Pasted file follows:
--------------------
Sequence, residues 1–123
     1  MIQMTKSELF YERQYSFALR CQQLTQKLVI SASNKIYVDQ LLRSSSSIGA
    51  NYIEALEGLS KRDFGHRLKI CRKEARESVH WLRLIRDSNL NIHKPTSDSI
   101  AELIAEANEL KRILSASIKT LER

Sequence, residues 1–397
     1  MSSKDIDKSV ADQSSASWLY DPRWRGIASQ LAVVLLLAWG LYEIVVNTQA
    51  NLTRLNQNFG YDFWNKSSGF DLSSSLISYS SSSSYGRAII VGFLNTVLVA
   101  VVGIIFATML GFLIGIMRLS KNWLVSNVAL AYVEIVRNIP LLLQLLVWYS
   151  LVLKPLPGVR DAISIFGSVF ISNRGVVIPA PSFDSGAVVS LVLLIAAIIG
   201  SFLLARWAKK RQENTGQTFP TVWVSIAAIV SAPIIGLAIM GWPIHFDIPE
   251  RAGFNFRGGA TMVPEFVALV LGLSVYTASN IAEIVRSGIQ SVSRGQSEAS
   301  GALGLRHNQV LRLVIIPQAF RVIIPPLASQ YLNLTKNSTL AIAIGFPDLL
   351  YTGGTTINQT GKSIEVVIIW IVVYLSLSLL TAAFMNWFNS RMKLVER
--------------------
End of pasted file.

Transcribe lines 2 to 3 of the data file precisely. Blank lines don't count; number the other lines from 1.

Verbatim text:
     1  MIQMTKSELF YERQYSFALR CQQLTQKLVI SASNKIYVDQ LLRSSSSIGA
    51  NYIEALEGLS KRDFGHRLKI CRKEARESVH WLRLIRDSNL NIHKPTSDSI